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  • Provenance

    Private collection, Sweden, circa 1934-39
    Private collection, Sweden

  • Literature

    Architectural Review (London), September, 1939, p. 141
    Fiona MacCarthy, All things bright and beautiful: Design in Britain 1830 to today, London, 1972, n.p.
    Martha Deese, 'Gerald Summers and Makers of Simple Furniture', Journal of Design History, vol. 5, no. 3, 1992, p. 184
    Alexander von Vegesack, et al., eds., 100 Masterpieces from the Vitra Design Museum Collection, exh. cat., Vitra Design Museum, Weil am Rhein, 1996, back cover, pp. 110-11
    Charlotte and Peter Fiell, 1000 chairs, Cologne, 1997, p. 232
    James Peto and Donna Loveday, eds., Modern Britain 1929-1939, exh. cat., Design Museum, London, 1999, p. 91

  • Catalogue Essay

    The present and following lots are two of the 120 examples manufactured by Summers’s company, Makers of Simple Furniture Ltd. beginning in 1934. Each chair was constructed out of a single plywood sheet of thirteen layers of cross-grained veneer which was cut, pressed and cut again. This elegantly simple process produced a chair that was comfortable enough to sit in without a cushion. Ultimately the manufacture was too costly to compete with Scandinavian imports and production ceased in 1939.

    Summers designed the present model shortly after he began his experiments with aeroplane ply, a type of plywood developed for airplanes. While plywood had come into widespread use in Britain in the early decades of the twentieth century most furniture makers disguised it under expensive veneers. Unlike his contemporaries, Summers was not deterred by plywood’s visual properties and instead chose to leave it bare, highlighting its colour and texture with a simple French polish.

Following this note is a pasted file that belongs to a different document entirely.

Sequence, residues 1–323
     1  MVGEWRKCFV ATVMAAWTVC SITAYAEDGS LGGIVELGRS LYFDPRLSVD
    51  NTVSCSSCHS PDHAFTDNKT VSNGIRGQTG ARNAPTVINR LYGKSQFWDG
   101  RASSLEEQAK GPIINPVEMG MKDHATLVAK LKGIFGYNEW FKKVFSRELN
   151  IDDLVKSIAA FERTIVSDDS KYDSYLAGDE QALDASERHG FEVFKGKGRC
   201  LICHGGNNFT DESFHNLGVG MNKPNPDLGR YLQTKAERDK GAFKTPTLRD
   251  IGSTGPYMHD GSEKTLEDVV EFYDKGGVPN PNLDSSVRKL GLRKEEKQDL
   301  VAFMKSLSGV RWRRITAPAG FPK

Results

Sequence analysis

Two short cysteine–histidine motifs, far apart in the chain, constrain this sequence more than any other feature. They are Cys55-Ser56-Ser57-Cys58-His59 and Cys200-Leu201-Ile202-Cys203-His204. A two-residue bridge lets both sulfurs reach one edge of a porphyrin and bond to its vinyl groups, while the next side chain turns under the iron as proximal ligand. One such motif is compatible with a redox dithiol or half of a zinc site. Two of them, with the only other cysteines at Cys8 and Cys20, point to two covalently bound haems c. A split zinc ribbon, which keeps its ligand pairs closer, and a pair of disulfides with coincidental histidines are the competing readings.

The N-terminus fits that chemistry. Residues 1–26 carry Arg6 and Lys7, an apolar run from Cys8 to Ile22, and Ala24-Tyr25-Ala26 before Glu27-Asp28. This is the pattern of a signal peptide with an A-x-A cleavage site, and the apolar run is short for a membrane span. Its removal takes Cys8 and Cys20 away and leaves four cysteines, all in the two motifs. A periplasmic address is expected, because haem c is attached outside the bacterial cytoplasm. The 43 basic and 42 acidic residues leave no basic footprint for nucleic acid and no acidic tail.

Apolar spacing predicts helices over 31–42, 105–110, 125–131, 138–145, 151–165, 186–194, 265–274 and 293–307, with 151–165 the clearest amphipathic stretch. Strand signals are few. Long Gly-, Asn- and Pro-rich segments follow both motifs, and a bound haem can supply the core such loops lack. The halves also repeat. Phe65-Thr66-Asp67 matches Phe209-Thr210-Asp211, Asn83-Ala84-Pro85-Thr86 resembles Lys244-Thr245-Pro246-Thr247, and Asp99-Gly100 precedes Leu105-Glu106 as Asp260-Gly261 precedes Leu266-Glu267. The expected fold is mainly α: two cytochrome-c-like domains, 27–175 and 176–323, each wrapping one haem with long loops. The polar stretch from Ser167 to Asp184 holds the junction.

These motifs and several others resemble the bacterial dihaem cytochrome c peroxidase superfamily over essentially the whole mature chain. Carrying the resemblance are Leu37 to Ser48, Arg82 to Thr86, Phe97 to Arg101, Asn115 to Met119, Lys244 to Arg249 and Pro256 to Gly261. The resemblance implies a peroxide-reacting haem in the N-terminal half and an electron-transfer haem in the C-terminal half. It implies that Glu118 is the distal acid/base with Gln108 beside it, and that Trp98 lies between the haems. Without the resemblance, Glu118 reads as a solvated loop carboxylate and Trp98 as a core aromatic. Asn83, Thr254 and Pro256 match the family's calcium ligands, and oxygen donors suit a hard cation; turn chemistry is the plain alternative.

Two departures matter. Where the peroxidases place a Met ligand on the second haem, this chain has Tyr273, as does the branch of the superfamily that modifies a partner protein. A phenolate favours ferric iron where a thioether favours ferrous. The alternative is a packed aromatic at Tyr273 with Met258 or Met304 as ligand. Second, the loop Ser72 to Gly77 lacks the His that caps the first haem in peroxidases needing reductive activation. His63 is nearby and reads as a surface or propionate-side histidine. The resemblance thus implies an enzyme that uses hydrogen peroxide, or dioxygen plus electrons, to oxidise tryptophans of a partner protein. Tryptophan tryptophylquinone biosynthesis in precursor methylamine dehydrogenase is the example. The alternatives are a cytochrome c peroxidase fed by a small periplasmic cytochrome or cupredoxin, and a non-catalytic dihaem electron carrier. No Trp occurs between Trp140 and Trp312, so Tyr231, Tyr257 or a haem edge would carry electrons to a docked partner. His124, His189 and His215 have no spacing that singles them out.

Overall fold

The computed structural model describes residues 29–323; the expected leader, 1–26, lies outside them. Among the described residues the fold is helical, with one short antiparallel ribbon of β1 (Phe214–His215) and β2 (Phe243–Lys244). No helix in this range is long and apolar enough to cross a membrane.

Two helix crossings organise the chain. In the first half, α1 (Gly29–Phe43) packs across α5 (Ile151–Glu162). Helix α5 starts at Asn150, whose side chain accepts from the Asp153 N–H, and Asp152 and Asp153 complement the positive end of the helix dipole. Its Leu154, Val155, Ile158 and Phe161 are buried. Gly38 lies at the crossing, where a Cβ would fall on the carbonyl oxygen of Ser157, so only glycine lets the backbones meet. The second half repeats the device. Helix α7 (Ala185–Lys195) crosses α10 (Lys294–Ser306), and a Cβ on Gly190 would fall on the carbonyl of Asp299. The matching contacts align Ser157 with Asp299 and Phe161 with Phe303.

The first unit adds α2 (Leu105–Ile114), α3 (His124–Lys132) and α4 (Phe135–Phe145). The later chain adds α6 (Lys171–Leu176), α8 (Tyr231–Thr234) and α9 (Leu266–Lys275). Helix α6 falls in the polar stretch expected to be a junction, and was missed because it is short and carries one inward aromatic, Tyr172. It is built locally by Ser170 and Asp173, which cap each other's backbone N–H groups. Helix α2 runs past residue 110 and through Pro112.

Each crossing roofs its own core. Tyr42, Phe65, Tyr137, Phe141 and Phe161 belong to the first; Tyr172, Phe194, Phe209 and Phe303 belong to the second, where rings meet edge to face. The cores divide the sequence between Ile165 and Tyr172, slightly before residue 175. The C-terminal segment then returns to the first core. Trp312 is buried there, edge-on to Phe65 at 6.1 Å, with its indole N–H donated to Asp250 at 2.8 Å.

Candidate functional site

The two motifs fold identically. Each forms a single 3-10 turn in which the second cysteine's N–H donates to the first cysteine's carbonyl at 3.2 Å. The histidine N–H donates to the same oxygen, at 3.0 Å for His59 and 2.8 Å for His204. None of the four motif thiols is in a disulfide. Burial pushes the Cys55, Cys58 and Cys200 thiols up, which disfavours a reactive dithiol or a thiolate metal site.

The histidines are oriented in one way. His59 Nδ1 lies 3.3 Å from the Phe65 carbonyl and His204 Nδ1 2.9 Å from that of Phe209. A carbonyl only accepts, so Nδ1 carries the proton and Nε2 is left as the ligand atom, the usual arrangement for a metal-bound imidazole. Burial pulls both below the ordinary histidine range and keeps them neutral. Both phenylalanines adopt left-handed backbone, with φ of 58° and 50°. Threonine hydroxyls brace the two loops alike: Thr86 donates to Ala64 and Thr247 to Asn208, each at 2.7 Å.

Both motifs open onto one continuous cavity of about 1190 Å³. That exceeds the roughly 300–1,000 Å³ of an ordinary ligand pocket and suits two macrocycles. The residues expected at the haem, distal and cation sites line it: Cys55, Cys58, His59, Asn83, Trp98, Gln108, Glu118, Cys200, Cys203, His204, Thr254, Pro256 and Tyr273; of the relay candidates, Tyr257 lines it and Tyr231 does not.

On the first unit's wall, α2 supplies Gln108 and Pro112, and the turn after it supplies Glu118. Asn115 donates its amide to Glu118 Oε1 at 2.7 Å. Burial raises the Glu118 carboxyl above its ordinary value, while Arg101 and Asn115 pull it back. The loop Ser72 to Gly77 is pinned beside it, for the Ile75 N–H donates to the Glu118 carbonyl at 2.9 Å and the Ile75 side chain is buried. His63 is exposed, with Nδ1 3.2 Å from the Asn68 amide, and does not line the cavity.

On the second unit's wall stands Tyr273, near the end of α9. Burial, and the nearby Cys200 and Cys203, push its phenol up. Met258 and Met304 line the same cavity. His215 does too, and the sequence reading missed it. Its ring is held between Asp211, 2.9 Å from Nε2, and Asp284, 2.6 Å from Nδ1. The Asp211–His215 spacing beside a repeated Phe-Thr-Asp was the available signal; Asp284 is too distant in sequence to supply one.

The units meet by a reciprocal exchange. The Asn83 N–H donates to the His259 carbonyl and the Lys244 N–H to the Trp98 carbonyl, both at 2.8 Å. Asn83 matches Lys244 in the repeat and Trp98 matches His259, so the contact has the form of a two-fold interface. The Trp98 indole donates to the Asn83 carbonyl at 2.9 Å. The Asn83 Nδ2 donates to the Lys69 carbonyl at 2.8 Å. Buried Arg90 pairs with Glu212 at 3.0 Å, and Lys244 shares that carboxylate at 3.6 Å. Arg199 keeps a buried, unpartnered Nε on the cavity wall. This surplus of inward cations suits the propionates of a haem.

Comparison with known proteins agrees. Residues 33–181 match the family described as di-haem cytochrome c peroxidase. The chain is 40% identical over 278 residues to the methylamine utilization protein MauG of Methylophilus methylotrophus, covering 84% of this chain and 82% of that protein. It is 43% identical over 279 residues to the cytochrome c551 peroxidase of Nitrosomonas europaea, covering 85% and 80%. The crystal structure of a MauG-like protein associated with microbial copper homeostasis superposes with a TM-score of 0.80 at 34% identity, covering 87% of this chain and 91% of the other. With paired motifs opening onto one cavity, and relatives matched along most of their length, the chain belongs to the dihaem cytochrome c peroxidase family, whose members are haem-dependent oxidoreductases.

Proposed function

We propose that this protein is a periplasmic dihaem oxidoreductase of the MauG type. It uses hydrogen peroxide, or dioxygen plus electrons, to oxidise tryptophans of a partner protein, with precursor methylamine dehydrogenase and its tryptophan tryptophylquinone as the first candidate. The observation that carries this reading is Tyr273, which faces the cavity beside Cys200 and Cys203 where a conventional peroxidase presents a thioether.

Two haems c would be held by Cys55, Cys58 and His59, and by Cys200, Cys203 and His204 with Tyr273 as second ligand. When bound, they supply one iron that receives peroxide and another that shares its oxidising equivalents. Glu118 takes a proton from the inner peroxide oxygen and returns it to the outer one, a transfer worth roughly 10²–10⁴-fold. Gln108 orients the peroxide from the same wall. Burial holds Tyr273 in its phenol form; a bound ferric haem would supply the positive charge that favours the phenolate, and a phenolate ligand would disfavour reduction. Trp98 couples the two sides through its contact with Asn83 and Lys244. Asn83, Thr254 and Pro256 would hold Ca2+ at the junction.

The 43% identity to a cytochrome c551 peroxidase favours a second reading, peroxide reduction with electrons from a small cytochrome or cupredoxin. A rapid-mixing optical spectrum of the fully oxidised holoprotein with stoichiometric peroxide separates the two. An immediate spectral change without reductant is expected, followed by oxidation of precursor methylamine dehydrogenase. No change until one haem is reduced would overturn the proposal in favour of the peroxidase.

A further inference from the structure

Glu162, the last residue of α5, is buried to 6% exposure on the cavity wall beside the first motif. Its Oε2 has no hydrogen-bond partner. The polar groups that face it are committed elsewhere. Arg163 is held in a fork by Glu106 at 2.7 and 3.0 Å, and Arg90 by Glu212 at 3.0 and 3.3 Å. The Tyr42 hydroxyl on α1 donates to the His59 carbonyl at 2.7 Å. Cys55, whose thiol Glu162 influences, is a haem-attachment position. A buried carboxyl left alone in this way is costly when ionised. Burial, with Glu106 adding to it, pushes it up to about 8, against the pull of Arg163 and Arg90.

The design of these iconic chairs has been attributed both to the influence of Alvar Aalto and to Jack Pritchard, the founder of Isokon Ltd. However, unlike Breuer’s chairs manufactured by Isokon, Summers’s design did not require additional supports, a distinction he was quick to point out in a 1935 interview: ‘In pure design we expect each part and member to pull its full weight in making the design suitable for its purpose…if we use a brace only to strengthen two members the design is bad’. (Design for To-day, June, 1935.) In this way, the present chairs are emblematic of modernism’s most defining tenet of a seamless relationship between form and function.

PROPERTY FROM A U.K. COLLECTION

33

Rare armchair

circa 1934-1939
Moulded birch laminated plywood.
75 x 59.9 x 89.1 cm (29 1/2 x 23 5/8 x 35 1/8 in.)
Manufactured by Makers of Simple Furniture, U.K.

Estimate
£25,000 - 35,000 

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Design

London 26 September 2013